The fatal error on Apple’s part is discontinuing FCP 7. Anyone with expanding editorial needs is scrambling to find enough FCP 7 licenses to keep current projects moving forward. Apple royally screwed us on this one.


I don’t think Final Cut Pro has ever been a viable option to do real editing on, it’s simply been the choice for those people that don’t know better than to use a mac. Every other offering out there is better in every way. FCP sucks, good riddance.

It does NOT represent 80% of the editing marketplace. Looking at torrent downloads (this is where most editors get their software), Vegas is clearly the leading software, closely followed by Premiere.

John Z Wetmore

Here is Richard Harrington’s take on FCP X

My feeling is you can tell a lot about the intended market for FCP X by the fact that it makes output to YouTube easy, while making output to tape difficult. Apple will make a ton of money selling FCP X to the consumer and prosumer markets. It’s not clear yet if they even care if they lose professional editors to Avid and Premiere.


You’re missing the whole point. If you can’t open previous versions projects in the new version then you have a serious issue. If you can’t have more than one operating sequence per project, that alters the entire workflow of FCP, not just a “design interface tweak.”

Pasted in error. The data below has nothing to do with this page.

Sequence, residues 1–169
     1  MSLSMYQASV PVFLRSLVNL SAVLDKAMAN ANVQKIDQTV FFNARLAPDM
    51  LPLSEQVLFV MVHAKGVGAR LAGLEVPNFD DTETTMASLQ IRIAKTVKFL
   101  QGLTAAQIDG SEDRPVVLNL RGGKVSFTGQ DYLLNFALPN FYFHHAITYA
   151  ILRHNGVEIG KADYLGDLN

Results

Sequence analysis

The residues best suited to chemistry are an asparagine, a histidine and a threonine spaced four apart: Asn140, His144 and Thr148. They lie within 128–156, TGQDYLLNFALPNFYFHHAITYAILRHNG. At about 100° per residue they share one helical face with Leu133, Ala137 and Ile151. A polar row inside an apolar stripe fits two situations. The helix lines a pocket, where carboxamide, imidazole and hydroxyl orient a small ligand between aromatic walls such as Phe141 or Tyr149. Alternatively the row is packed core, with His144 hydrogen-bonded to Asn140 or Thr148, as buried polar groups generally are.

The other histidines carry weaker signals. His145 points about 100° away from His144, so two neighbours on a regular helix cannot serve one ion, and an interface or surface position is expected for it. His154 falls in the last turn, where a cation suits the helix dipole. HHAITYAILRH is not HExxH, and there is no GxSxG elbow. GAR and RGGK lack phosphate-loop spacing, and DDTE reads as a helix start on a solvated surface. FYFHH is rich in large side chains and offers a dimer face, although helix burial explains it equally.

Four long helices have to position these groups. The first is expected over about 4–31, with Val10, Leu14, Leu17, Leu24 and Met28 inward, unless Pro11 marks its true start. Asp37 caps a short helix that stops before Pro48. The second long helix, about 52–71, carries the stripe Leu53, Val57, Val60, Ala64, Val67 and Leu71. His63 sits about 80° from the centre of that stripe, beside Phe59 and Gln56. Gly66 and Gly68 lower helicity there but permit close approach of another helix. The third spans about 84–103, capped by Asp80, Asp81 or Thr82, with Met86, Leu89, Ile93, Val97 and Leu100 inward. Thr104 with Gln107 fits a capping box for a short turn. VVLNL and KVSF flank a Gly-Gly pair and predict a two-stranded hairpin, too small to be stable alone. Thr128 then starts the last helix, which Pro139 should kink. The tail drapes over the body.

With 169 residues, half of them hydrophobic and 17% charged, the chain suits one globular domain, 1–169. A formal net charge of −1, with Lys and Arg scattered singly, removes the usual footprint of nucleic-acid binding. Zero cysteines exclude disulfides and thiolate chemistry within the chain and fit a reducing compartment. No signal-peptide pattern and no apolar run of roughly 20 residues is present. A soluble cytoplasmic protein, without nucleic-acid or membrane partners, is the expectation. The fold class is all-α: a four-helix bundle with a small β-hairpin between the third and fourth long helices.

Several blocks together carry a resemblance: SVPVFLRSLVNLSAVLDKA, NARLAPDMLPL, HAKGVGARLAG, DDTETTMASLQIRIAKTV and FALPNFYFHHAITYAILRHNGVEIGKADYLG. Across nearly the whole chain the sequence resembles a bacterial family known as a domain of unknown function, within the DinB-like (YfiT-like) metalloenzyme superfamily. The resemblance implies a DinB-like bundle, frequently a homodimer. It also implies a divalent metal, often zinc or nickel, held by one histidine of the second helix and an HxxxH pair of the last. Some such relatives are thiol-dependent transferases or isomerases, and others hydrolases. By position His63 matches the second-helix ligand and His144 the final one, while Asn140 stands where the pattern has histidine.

This is in no way, shape, or form the same as a complaint about the change in the design layout of Facebook.

This is like designing a new hammer, but instead of driving nails, it just slides them around from side to side.


It seems very telling that every apple fanboi journo starts their articles “I’m not a professional editor but…” Well I am and FCPX just doesn’t cut it (no pun intended) on any level. We get it Apple…you’ve moved on, it’s cool…just wish you’d been honest about it. Now excuse me while I go make up with Avid.

Jason Gracey

I can’t imagine why this guy was inclined to write a review on a piece of “professional” editing software with no relevant experience. The fact that his next closest point of reference is facebook seems to say it all. It is indeed transitional. It’s transitioning out of the pro video market and into web videos slapped together by students for minimum wage.